State v. Wells

Annotate this Case

650 P.2d 117 (1982)

58 Or.App. 617

STATE of Oregon, Respondent, v. Ray Fredrick Robert WELLS, Appellant.

No. 81-2562-K; CA A21019.

Court of Appeals of Oregon.

Argued and Submitted October 2, 1981.

Decided August 25, 1982.

Reconsideration Denied October 27, 1982.

*118 Dennis D. James, Grants Pass, argued the cause and filed the brief for appellant.

Virginia Linder, Asst. Atty. Gen., Salem, argued the cause for respondent. With her on the brief were Dave Frohnmayer, Atty. Gen., and William F. Gary, Sol. Gen., Salem.

Before GILLETTE, P.J., JOSEPH, C.J.,[*] and YOUNG, J.

GILLETTE, Presiding Judge.

Defendant appeals his conviction for driving under the influence of intoxicants. He assigns error to the trial court's denial of his motion to suppress certain statements made to the investigating officer before being formally arrested and to the court's refusal to suppress the officer's description of defendant's performance of certain field sobriety tests, which performance defendant labels "verbal acts." We reverse and remand for a new trial.

On February 15, 1981, at approximately 4:55 a.m., a police officer passed by defendant's car at an intersection and noticed that it was not in a position to cause the automatic traffic signal to be triggered. The officer returned five minutes later and observed that the car was still located in the same position.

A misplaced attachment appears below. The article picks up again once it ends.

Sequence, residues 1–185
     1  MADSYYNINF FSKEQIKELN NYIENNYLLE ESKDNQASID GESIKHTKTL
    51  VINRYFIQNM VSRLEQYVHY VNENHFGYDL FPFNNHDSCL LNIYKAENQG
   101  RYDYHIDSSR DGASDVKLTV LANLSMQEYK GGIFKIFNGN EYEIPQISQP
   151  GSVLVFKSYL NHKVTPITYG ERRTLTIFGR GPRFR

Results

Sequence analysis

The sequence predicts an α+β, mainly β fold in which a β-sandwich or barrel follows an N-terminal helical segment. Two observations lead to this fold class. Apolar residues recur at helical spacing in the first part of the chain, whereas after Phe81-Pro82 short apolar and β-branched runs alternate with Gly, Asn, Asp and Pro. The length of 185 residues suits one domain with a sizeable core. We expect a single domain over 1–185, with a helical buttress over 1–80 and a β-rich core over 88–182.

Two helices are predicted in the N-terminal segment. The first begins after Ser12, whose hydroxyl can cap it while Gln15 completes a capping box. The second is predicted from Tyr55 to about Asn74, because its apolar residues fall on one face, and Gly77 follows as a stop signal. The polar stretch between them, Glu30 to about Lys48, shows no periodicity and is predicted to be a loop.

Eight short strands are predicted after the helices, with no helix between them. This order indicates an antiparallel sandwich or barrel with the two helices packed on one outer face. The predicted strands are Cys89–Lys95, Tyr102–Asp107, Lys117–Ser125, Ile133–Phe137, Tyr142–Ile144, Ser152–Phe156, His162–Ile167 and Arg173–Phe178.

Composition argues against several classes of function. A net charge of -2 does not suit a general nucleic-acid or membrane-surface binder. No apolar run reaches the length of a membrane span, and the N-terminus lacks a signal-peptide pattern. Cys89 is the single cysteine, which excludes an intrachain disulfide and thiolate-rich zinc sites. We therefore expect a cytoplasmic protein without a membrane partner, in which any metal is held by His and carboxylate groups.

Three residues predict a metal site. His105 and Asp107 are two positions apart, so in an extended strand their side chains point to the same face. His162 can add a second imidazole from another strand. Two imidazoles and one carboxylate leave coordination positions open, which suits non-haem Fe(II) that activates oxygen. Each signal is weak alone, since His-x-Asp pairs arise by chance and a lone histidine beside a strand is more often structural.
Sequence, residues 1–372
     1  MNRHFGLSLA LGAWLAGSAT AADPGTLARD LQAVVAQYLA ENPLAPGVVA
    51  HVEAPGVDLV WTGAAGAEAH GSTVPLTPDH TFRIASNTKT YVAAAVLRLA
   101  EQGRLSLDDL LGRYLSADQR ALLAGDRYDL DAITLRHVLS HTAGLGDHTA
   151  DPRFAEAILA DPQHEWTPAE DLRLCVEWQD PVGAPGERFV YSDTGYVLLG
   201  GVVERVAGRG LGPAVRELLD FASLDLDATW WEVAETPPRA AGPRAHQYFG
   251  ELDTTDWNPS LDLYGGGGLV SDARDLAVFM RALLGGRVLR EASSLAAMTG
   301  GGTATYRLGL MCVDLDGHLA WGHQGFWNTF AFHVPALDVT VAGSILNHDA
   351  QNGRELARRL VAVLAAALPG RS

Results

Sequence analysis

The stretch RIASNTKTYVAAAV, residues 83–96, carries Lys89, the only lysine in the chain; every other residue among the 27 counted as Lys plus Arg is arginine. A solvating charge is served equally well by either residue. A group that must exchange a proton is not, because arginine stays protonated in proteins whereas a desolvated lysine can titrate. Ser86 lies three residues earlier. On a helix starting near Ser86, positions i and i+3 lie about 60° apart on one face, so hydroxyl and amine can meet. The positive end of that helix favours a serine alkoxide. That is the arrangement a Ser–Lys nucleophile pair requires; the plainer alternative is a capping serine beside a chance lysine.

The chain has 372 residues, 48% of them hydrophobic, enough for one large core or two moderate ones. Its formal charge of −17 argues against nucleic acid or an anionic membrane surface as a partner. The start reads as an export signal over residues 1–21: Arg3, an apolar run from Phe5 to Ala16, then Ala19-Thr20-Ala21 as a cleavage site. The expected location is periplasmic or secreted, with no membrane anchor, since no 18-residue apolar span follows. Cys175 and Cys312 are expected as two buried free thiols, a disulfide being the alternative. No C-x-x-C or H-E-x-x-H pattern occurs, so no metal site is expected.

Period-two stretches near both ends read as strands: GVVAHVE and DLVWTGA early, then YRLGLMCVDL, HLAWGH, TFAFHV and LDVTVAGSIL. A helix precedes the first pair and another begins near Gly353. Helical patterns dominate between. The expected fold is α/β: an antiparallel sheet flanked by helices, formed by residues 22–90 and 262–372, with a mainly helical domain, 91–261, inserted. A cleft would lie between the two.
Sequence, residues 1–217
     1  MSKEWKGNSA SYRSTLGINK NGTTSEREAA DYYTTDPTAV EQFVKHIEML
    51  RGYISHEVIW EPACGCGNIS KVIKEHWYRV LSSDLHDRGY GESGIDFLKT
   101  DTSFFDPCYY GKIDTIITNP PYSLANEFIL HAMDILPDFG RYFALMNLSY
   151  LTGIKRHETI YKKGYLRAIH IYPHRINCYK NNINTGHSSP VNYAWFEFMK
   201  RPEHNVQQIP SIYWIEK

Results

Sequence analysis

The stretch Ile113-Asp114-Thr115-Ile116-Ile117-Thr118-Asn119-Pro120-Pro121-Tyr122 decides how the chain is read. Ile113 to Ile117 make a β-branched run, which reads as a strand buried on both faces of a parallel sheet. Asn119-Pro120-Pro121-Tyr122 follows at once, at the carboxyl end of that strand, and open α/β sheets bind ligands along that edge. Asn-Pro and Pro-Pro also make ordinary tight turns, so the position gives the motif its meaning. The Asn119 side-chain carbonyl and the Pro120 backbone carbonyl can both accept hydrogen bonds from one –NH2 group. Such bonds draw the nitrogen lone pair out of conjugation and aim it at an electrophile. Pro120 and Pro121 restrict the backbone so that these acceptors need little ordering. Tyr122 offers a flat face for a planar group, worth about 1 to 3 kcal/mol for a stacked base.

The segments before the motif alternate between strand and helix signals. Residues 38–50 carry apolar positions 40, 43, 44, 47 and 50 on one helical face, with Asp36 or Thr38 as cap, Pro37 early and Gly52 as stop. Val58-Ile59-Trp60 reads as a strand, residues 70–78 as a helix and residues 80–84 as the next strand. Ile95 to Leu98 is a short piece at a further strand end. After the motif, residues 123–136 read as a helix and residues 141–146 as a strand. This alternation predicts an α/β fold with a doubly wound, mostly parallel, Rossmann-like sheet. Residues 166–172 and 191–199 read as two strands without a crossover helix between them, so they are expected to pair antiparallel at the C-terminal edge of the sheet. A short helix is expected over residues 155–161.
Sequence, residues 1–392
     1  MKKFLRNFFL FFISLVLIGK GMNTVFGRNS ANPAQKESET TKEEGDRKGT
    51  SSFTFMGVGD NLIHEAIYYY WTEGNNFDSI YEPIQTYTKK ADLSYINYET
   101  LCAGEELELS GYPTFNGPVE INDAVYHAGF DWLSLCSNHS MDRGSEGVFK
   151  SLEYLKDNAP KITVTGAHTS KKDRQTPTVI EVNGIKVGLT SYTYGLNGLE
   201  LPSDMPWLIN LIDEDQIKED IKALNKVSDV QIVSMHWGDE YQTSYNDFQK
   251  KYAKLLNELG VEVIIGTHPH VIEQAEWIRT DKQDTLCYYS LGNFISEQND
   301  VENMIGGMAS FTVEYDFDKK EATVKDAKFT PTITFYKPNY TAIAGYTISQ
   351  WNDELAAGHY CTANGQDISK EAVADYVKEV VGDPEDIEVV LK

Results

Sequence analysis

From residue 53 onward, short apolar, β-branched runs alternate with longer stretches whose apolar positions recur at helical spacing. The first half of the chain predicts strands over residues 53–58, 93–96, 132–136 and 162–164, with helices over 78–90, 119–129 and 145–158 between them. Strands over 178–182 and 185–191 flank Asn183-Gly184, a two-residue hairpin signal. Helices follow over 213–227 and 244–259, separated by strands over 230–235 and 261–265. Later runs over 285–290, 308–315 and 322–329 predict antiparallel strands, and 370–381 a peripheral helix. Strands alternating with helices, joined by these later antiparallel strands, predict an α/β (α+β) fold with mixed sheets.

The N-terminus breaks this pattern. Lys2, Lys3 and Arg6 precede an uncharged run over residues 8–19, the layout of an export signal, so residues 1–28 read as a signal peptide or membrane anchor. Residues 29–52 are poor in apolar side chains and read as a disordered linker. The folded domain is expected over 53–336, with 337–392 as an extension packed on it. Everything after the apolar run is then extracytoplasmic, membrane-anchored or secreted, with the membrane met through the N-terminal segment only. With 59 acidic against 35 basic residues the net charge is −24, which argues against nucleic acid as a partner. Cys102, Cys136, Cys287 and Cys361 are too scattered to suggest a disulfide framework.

The officer approached the car in his own vehicle and noted that defendant was staring straight ahead. He attempted several times to get defendant's attention. Finally, he got out of his own car and approached defendant's car. He smelled the odor of alcohol on defendant's breath; defendant was then asked to get out of his automobile and walk to its front. The officer noted that defendant appeared to be in a stupor. He investigated defendant's condition for approximately ten minutes before returning to his own car. During that ten minutes, he learned from defendant that defendant had violated his probation by drinking.

The investigation that then followed was tape recorded. The officer had formed an opinion before the tape recorder was turned on that defendant was probably under the influence of an intoxicant. He testified that, although he was not absolutely certain defendant was under the influence of an intoxicant, defendant was not free to leave the scene. Defendant was questioned on tape on many of the topics they had already discussed and was asked to perform several field sobriety tests. Defendant talked about his use of alcohol and the charge of driving under the influence until the officer formally placed him under arrest and read him his rights.

Defendant was taken to jail, where he initially refused to take an intoxilyzer test when asked to do so by police. However, after defendant's probation officer came to the jail and spoke to him, defendant agreed to take the intoxilyzer test. The machine indicated a reading of .16.

The district court denied defendant's motion to suppress the oral admissions and "verbal acts" of defendant after the arresting officer had determined that defendant was under the influence of an intoxicant and was not free to leave the scene.